Special Session
2001 MLA Annual Convention
New Orleans, December 27-30, 2001

Computer Games, Narrative, and Special Effects

Description | Abstracts

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Neo-Baroque Labyrinths and Computer Game Spaces
Angela Ndalianis

Dr. Angela Ndalianis is a senior lecturer in Cinema and New Media Studies
in the Cinema Studies Program, University of Melbourne.
E-mail: angelan@unimelb.edu.au

In this paper I will argue that entertainment media such as computer games are imbued with a neo-baroque poetics. Points of comparison will be made between C17th baroque art forms and games such as the Quake III, the Tomb Raider and Resident Evil series, and Black and White in order to establish the continuous and contiguous links between both eras. In suggesting parallels between the seventeenth and late twentieth/early twenty-first centuries it is not proposed that our current era stands as the mirror double of the seventeenth. Different historical and social conditions characterize and distinguish both periods. There are, however, numerous parallels that invite comparison in the treatment and function of formal features that include an emphasis on serial, multilinear narratives that rely on spectacle to unravel their story worlds. The term 'baroque', therefore, will not only be considered as a phenomenon of the seventeenth century (an era traditionally associated with the baroque), but, more broadly, as a transhistorical state that has had wider historical repercussions.

Martin Jay and Christine Buci-Glucksman understand the baroque as a formal system beholden to an order of vision (or what Buci-Glucksman refers to as a "madness of vision") that revels in the articulation of its spectacular spaces. The baroque, however, also embraces a madness in relation to its narrative formations. The dynamism and spatial complexity of baroque spectacle applies equally to the dynamism and expansive nature of the baroque narrative. In fact, the two are interwoven in that spectacle becomes the means to unraveling narrative formations that favour multilinearity, instability, and polydimensionality.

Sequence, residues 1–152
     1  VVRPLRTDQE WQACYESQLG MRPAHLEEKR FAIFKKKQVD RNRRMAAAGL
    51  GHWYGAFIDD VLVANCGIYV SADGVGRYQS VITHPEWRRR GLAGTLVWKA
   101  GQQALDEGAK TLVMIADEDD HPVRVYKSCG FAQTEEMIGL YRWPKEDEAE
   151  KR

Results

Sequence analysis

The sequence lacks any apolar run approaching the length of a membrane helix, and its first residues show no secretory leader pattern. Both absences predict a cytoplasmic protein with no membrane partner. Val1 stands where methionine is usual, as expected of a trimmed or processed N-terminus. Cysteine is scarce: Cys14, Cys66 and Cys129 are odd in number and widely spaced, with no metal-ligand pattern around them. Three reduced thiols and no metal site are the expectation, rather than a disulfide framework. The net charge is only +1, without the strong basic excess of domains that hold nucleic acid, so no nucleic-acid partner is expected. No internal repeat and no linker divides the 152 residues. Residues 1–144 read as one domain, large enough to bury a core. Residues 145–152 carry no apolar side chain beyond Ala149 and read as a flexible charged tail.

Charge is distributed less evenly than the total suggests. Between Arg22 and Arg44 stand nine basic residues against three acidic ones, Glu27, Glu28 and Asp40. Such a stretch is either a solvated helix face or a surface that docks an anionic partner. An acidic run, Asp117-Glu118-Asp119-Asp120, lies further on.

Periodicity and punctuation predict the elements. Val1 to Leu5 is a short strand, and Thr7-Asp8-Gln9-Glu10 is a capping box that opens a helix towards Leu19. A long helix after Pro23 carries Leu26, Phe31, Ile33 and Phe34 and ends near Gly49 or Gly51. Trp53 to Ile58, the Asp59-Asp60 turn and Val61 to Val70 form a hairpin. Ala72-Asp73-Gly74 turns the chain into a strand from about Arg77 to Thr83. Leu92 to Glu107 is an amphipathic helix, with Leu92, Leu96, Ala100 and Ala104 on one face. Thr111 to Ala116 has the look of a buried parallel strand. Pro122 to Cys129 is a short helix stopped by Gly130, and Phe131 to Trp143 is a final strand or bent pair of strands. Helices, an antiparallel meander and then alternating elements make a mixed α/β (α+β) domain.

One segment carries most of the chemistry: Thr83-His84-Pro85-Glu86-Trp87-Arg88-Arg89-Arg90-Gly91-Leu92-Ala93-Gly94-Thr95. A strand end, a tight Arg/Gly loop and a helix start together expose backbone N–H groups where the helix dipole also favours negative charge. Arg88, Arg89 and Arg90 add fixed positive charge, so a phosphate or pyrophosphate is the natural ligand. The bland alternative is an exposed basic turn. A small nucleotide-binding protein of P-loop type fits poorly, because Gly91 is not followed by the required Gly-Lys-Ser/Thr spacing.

It will be argued that the neo-baroque combines the visual and textual in ways that parallel the dynamism of seventeenth century baroque form, but that this dynamism is expressed in technologically different forms. While engaging with theories of the hypertext, this paper will suggest the limitations in such an approach given its primary reliance on textual methods of analysis. Computer games acknowledge a baroque delight in spectacle and a complexity of narrative spaces. The spaces of games such as the Tomb Raider series and Black and White reflect a fluid, multilinear, open and dynamic form that is articulated in visual and auditory rather than textual terms. Drawing on the neo-baroque's reliance on multicursal, labyrinthine structures (and on Deleuze's articulation of the baroque fold) it will be suggested that narratives unravel through the player's engagement with an "architecture of vision" that is embodied in the visual form. This architecture of vision requires a traversal of multiple spaces which, in turn, unveil multiple story possibilities - some that converge, some that diverge, and some that lead the player to narrative dead-ends.

Unlike the enclosed and linear spaces associated with classical form, Henri Focillon (in The Life of Forms) understands baroque forms as being able to "pass into an undulating continuity where both beginning and end are carefully hidden". The baroque and neo-baroque reveal "'the system of the series' - a system composed of discontinuous elements sharply outlined, strongly rhythmical and… [that] eventually becomes 'the system of the labyrinth', which, by means of mobile synthesis, stretches itself out in a realm of glittering movement and color". It is the computer games' capacity to lure its player into the neo-baroque system of the labyrinth that will be the focus of this paper.